RE: Reporting evaluation results or communicating evaluation results? | Eval Forward

Great topic, great discussions!

Evaluation and communication are two sides of the same coin, trying to achieve similar goals (disseminating evaluation evidence for use in decision-making). By the way, they both require different skillsets. That's not a big deal.

Off to the topic. Assume we as evaluators are all teachers. We prepare lessons, ready to teach, I mean facilitate the learning process. Shall we fold our arms after the preparation and finalization of the lesson? Not at all. I am not alone, I guess, to rightly believe that the teacher will follow through even after teaching, facilitating a learning process. Building off the previous lesson, the teacher will usually recap before starting a new one. Interesting, it seems our evaluations should be informing subsequent evaluations as well!

The teacher scenario also applies here, at least in my school of evaluation practice. The essence of evaluating is not about producing reports, or reporting results. Then what? For whom and why such evaluation results are reported? Not for filing, not for ticking the box. It would be heart-breaking if we as teachers, after investing in time and resources, prepare class notes and guidance and our students never use them. Would anyone be motivated to prepare notes and guidance for the next lesson? Very few would do. As passionate and professional as we are (or should be) as evaluators, we are change agents. In our ethical and professional standards, never should we rest satisfied with reporting of evaluation results without following through to ensure evidence thereof is used as much as possible. Some evaluation principles include utility of evaluations.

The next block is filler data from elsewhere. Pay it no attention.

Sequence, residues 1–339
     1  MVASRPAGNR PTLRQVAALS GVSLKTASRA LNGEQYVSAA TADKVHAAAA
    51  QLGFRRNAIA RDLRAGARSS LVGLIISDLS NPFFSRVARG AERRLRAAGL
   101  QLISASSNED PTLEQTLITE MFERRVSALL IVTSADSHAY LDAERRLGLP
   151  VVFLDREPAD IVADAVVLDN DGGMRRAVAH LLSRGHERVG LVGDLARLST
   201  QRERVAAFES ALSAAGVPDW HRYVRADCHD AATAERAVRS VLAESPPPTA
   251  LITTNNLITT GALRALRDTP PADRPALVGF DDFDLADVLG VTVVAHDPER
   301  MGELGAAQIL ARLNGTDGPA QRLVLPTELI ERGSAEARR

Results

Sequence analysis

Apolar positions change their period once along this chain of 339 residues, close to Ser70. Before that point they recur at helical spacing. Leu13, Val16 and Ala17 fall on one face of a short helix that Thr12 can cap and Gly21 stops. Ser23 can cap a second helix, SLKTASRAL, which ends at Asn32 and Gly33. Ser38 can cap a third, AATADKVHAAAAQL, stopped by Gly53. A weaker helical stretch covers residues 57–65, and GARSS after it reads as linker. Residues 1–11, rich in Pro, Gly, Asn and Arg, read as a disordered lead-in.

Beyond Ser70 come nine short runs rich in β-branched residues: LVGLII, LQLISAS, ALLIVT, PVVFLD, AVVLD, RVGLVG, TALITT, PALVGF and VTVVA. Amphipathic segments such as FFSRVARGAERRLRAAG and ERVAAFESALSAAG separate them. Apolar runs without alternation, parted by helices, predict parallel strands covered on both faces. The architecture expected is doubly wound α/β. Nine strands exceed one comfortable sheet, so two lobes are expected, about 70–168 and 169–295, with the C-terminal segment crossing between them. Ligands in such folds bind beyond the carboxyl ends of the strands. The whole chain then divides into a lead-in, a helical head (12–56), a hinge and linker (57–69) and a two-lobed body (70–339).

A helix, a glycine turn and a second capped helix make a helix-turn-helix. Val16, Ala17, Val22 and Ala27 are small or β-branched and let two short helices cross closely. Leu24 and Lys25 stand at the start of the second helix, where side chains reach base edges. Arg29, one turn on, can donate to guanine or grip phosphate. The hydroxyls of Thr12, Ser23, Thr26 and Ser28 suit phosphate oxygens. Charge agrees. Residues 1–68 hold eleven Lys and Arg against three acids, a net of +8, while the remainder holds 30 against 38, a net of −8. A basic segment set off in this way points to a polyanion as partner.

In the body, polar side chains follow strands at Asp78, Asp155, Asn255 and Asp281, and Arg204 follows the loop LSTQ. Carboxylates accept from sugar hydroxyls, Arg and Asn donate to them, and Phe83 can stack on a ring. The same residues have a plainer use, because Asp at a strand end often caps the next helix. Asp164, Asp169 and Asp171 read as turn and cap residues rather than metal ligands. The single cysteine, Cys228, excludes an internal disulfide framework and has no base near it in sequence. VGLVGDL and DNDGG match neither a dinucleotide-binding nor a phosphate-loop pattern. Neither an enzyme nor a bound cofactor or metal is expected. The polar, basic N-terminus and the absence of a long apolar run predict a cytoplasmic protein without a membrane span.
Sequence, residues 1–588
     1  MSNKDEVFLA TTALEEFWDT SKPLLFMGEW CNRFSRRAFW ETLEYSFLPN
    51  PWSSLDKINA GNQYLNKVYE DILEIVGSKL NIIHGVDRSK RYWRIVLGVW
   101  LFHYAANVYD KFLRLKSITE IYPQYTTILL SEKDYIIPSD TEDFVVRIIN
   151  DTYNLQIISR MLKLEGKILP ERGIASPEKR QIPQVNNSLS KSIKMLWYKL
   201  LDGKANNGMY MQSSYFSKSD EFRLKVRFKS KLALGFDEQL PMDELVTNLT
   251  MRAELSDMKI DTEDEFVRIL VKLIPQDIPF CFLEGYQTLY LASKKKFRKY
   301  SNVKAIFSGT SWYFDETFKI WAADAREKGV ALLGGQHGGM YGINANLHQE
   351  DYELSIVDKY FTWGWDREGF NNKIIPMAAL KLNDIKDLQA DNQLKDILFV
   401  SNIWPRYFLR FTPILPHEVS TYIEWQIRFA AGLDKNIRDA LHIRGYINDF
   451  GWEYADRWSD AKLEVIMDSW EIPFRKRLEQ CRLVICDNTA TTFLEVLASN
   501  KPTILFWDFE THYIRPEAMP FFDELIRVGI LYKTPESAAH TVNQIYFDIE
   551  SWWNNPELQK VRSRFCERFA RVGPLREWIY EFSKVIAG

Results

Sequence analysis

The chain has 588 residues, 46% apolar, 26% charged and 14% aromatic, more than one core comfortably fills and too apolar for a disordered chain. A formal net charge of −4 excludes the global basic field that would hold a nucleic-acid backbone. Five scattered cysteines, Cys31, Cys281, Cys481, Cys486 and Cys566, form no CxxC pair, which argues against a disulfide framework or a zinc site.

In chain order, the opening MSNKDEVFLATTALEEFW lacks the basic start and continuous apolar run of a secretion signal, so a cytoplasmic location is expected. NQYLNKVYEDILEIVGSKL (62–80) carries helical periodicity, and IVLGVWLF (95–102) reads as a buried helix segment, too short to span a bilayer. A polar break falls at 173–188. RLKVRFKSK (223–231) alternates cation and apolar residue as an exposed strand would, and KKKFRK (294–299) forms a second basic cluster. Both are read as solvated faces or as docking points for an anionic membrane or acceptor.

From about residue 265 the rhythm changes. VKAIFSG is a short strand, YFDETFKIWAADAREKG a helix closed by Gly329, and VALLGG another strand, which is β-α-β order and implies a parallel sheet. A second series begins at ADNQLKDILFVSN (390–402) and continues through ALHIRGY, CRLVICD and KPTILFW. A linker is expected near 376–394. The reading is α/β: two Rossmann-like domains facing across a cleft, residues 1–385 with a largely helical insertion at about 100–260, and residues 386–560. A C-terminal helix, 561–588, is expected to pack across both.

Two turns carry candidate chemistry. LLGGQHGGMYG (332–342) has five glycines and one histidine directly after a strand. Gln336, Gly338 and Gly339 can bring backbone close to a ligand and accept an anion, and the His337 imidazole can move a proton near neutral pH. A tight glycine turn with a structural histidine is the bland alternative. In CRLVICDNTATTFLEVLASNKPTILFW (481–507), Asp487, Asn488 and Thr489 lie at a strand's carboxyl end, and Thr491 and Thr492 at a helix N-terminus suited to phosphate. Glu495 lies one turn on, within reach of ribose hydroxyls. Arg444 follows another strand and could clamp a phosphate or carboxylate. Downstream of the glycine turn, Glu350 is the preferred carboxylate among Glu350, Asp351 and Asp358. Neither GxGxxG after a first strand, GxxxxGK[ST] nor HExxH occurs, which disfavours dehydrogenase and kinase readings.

To the good questions you raised, my two cents:

  • Each evaluation has (or should have) a plan for dissemination and communication (or a campaign plan for evaluation evidence use). This needs to be part of the overall evaluation budget. Evaluators need to keep advocating for dissemination of evaluation results in different formats and for different types of audience even when evaluations are completed, even one or more years ago.

  • If there are people who understand better evaluation results, the evaluator is one of them. Alongside other stakeholders who participated in the evaluation process, s/he should be part of the communication processes to avoid any misconstruing of messages and meaning by external communicators. Communicators (some organizations have specific roles such as communication for development specialists) are experts who know the tricks of the trade. Our allies.

Happy reading contributions from colleagues.

Jean Providence